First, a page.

The standard way to proceed would be to fit the model to the data relative to each experimental unit, one at a time, thus obtaining a sample of parameter estimates, one for each experimental tumor observed. The sample mean and dispersion of these estimates would then constitute our estimate of the population mean and dispersion. By the same token, we could find the mean and dispersion in the Control and Treated subsamples. [Pg.96]

The table is not exhaustive, although it does include a majority of experimental designs that are used. One-at-a-time designs are the usual non-statistical type of experiments that are often carried out by scientists in all disciplines. Not included explicitly, however, are experimental designs that are generated from combinations of listed items. For example, a multi-factor experiment may have several levels of some of the factors but only two levels of other factors. [Pg.62]

Using experimental design such as Surface Response Method optimises the product formulation. This method is more satisfactory and effective than other methods such as classical one-at-a-time or mathematical methods because it can study many variables simultaneously with a low number of observations, saving time and costs [6]. Hence in this research, statistical experimental design or mixture design is used in this work in order to optimise the MUF resin formulation. [Pg.713]

Thus, when statisticians got into the act, there saw a need to retain the information that was not included in the one-at-a-time plans, while still keeping the total number of experiments manageable the birth of statistical experimental designs . Several types of statistical experimental designs have been developed over the years, with, of course, [Pg.91]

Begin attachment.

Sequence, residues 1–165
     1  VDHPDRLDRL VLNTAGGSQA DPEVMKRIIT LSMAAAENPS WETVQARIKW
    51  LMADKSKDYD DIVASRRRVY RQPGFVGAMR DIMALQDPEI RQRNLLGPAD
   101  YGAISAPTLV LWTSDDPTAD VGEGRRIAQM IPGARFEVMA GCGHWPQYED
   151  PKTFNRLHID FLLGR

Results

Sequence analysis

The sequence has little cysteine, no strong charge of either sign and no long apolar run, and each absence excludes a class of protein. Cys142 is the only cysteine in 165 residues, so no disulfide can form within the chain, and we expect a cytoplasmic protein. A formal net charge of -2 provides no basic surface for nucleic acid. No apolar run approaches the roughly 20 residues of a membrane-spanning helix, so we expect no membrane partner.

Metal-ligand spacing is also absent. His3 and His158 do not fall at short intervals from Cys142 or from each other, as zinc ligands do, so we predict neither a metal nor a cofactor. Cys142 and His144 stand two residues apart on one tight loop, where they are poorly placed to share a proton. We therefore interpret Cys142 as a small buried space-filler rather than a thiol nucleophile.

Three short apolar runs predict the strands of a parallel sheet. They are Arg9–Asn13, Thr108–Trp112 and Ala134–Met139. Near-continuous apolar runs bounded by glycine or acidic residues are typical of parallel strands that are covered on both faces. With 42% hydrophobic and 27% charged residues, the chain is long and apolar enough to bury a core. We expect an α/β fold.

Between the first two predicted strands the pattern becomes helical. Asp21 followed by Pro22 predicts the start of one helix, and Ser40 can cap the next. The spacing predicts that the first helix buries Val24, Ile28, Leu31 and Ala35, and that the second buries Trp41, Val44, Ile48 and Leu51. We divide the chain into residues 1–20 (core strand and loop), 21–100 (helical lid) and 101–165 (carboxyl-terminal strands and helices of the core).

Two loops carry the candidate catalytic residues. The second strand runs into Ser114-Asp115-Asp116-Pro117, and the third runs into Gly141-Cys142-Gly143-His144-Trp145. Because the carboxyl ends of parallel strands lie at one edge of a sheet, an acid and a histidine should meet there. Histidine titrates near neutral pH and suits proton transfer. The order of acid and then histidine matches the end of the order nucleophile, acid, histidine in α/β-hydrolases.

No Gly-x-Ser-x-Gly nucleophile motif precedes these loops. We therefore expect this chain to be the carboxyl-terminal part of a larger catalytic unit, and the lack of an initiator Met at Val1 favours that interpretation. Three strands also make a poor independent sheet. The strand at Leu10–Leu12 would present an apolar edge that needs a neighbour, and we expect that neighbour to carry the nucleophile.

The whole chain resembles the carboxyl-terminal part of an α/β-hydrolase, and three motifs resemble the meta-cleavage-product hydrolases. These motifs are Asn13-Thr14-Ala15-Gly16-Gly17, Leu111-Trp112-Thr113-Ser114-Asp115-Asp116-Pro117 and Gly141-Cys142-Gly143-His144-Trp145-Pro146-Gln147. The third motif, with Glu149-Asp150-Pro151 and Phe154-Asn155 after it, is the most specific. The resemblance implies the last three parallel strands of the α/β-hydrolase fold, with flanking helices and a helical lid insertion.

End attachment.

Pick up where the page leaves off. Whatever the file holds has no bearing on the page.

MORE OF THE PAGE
The experiments should be carefully set up so as to create a controlled situation in which one can make careful observations after altering the experimental parameters, preferably one at a time. The results must be reproducible (to within experimental error) and, as more and more experiments are conducted, a pattern should begin to emerge, from which a comparison to the current theory can be made. [Pg.14]

A three factor central composite design was used to study the volatiles formed as functions of the three independant variables temperature, rhamnose/proline ratio and pH. In this tjrpe of design the variables are changed both simultaneously and one-at-a-time. The specific experimental points are listed in Table I. [Pg.218]

In a laboratory environment it is possible to investigate a general deactivation phenomenon by changing variables one at a time. However, in an industrial plant the deactivation processes usually occur simultaneously and the relative and interrelated importance of the processes are more difficult to assess. In this publication we report on an experimental design that was used to investigate simultaneous deactivation processes in a pilot plant. [Pg.352]